You can use renewably made hot water for your hydronic system—but designing for low water temperatures is critical to good performance.
Hydronic heating is the technology of moving heat using water. It has been used for decades in millions of North American homes, most of which have a gas-fired or oil-fired boiler as their hydronic heat source. Good hydronic design is also the “glue” that holds together renewable energy thermal systems that provide space heating and domestic hot water. In other words, pick a renewable heat source, do a good job with the underlying hydronics, and you’ll likely be pleased with the results. Treat the hydronics as “whatever,” and you’re likely to be disappointed.
In the past, solar hydronic heating meant using solar collectors as sunny-day substitutes for conventional boilers or water heaters. Designers focused on the collectors, storage, and control aspects of the solar subsystem, but devoted little thought to a compatible means of distributing solar-derived heat within the building.
Most hydronic distribution was designed around high-temperature supply water. Residential systems commonly used fin-tube baseboard heaters with water temperatures sometimes exceeding 200°F.
But those high water temperatures were beyond what solar collectors could produce consistently. Sure, there was an occasional “perfect solar day” in winter when the storage tank got hot enough to heat a home during the following night. However, performance over a typical northern heating season was often disappointing. As a result, after investing thousands of dollars in collectors, storage tanks, and controls, many early systems spent much of their time distributing heat generated by conventional fuels rather than by the sun.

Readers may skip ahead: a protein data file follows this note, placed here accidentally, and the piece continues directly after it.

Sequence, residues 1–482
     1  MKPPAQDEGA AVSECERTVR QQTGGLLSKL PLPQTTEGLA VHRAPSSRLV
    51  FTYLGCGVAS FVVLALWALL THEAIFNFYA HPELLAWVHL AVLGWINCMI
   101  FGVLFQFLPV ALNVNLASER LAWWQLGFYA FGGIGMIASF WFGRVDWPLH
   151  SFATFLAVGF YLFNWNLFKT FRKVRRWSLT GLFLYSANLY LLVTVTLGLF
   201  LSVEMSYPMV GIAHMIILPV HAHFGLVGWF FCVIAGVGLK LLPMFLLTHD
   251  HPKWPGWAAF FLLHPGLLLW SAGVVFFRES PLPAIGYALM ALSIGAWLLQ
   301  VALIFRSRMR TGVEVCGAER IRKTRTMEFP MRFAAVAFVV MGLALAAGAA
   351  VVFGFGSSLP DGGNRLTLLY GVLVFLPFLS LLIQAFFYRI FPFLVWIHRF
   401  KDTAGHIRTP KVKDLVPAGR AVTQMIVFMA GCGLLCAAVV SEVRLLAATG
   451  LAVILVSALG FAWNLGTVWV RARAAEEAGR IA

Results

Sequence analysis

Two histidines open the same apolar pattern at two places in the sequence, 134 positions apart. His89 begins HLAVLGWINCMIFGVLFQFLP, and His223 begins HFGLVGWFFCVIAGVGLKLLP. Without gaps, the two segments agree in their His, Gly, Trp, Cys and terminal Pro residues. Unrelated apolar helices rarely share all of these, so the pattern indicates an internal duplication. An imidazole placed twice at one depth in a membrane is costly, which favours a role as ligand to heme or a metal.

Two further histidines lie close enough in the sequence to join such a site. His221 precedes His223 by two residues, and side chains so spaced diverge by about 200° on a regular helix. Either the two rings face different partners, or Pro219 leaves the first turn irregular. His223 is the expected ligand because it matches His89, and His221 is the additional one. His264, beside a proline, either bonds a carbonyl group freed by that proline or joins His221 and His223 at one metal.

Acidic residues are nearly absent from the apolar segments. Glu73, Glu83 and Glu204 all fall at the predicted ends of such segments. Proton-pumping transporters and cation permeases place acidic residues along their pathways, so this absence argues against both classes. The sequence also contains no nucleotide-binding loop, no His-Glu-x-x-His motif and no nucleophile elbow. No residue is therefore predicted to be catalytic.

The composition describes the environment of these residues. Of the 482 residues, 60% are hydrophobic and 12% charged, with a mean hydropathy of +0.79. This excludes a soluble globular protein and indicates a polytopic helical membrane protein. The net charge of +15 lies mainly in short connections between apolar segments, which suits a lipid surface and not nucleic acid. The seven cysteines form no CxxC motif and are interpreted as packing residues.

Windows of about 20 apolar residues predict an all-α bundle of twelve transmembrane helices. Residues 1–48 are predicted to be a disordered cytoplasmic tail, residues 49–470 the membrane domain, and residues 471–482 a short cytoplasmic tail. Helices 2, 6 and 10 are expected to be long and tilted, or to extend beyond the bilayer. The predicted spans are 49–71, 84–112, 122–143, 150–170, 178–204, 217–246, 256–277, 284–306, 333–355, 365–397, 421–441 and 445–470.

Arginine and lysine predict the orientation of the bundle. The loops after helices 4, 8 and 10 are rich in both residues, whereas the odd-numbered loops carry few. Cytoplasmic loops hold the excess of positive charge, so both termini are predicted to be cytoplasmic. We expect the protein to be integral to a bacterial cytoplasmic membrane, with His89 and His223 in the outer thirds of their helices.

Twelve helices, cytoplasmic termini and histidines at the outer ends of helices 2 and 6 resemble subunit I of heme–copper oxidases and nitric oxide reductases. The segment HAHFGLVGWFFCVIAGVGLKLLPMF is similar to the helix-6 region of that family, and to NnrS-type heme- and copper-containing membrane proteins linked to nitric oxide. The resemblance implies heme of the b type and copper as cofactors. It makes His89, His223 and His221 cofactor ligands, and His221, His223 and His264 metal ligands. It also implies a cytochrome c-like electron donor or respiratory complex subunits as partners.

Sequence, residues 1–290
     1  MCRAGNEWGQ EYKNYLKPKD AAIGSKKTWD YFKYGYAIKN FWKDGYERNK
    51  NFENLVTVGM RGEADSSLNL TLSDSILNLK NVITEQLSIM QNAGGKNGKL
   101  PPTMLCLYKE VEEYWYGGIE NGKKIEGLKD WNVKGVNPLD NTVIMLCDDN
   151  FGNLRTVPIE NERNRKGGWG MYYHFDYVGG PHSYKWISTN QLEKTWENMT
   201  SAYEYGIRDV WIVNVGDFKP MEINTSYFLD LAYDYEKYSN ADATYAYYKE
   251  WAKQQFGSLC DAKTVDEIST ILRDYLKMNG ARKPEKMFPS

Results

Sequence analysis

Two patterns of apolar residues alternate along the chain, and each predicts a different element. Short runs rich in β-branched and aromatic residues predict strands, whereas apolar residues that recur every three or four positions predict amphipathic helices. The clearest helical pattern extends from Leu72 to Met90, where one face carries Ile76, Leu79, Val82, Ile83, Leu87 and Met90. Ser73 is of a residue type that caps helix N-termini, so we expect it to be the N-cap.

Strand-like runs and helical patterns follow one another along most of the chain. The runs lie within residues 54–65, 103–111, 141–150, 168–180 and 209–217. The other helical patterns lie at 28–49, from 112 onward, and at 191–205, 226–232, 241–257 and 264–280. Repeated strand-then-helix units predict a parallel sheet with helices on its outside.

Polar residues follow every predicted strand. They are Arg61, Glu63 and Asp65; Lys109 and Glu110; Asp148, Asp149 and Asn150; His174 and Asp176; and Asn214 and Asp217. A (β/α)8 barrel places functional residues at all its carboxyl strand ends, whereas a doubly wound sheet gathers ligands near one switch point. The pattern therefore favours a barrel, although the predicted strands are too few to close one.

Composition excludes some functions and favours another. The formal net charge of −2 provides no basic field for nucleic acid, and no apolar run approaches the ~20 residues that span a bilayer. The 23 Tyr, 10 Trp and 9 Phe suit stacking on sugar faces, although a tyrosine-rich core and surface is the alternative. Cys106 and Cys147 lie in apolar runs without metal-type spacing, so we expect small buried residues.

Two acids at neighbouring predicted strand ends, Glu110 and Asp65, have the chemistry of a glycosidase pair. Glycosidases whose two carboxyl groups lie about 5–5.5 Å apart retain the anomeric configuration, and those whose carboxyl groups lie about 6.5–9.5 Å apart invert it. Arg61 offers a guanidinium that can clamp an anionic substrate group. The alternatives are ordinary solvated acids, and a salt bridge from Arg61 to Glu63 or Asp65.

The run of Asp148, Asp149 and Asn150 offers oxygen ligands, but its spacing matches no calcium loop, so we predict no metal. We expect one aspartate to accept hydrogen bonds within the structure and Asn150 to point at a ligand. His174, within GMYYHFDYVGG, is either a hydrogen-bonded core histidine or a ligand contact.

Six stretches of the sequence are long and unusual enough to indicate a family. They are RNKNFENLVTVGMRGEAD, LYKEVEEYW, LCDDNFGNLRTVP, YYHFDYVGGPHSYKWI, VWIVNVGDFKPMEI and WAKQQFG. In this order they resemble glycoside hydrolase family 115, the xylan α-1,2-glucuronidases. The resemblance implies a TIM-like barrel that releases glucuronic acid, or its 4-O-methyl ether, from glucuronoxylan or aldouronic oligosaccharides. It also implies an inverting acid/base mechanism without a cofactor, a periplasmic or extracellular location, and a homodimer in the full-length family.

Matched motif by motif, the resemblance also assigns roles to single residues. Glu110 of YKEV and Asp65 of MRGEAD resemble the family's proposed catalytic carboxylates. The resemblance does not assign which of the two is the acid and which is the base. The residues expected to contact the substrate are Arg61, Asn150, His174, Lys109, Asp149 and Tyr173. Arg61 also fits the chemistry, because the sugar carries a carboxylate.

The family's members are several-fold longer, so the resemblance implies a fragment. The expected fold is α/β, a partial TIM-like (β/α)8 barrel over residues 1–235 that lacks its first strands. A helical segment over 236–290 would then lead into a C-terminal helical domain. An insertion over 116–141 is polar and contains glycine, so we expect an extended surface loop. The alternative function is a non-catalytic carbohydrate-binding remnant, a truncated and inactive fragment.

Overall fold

The North American heating industry has a tendency to focus on heat sources rather than overall heating systems. This mindset continues to limit the performance of not only solar thermal, but also heating systems supplied by sources such as geothermal heat pumps and wood-fired boilers.
All renewable heat sources yield better performance when combined with low-temperature distribution systems. To see why, take a look at the thermal performance characteristics of a solar collector and a geothermal water-to-water heat pump. The “Solar Collector” graph below shows how the thermal efficiency of a flat-plate solar collector is affected by the temperature of the fluid entering its absorber plate. On this typical sunny, midwinter day in the northern United States, the thermal efficiency of the collector drops rapidly with increasing inlet fluid temperature.
For example: If the fluid entering the collector is 90°F, the outdoor air temperature is 30°F, and the sun is bright (solar intensity is 250 Btu/hr./ft.2), the graph indicates that the fluid gathers about 56% of the solar energy striking the collector. However, if the entering fluid temperature is 160°F, while the other conditions remain unchanged, the collector’s efficiency falls to 33%—a significant “penalty” when the collector operates at the higher inlet temperature. It’s the result of greater heat loss from a collector to outside air, much like the increased heat loss associated with keeping your house at 75°F rather than 68°F.
The relationship between efficiency and the entering water’s temperature also holds true for hydronic heat pumps. The “Heat Pump” graph shows a similar effect for a modern water-to-water geothermal heat pump operating with a constant earth-loop inlet temperature (at the condenser side of the heat pump) of 45°F.